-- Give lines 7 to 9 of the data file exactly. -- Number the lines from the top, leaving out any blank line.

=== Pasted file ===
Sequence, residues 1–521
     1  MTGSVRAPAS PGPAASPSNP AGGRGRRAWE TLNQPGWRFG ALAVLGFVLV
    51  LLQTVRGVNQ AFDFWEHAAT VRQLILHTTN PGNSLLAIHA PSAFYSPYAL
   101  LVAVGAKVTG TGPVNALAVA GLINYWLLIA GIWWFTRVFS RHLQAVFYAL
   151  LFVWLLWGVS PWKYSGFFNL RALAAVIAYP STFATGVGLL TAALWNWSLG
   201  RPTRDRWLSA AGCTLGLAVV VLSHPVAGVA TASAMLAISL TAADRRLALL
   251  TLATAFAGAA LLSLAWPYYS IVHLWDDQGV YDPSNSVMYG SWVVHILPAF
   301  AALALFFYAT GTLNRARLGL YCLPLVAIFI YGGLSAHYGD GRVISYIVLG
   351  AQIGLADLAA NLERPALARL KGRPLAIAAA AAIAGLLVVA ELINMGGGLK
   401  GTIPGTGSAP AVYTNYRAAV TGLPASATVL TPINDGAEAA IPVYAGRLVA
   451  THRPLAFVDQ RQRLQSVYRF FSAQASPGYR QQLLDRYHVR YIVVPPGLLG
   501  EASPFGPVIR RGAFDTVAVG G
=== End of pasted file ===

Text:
   251  TLATAFAGAA LLSLAWPYYS IVHLWDDQGV YDPSNSVMYG SWVVHILPAF
   301  AALALFFYAT GTLNRARLGL YCLPLVAIFI YGGLSAHYGD GRVISYIVLG
   351  AQIGLADLAA NLERPALARL KGRPLAIAAA AAIAGLLVVA ELINMGGGLK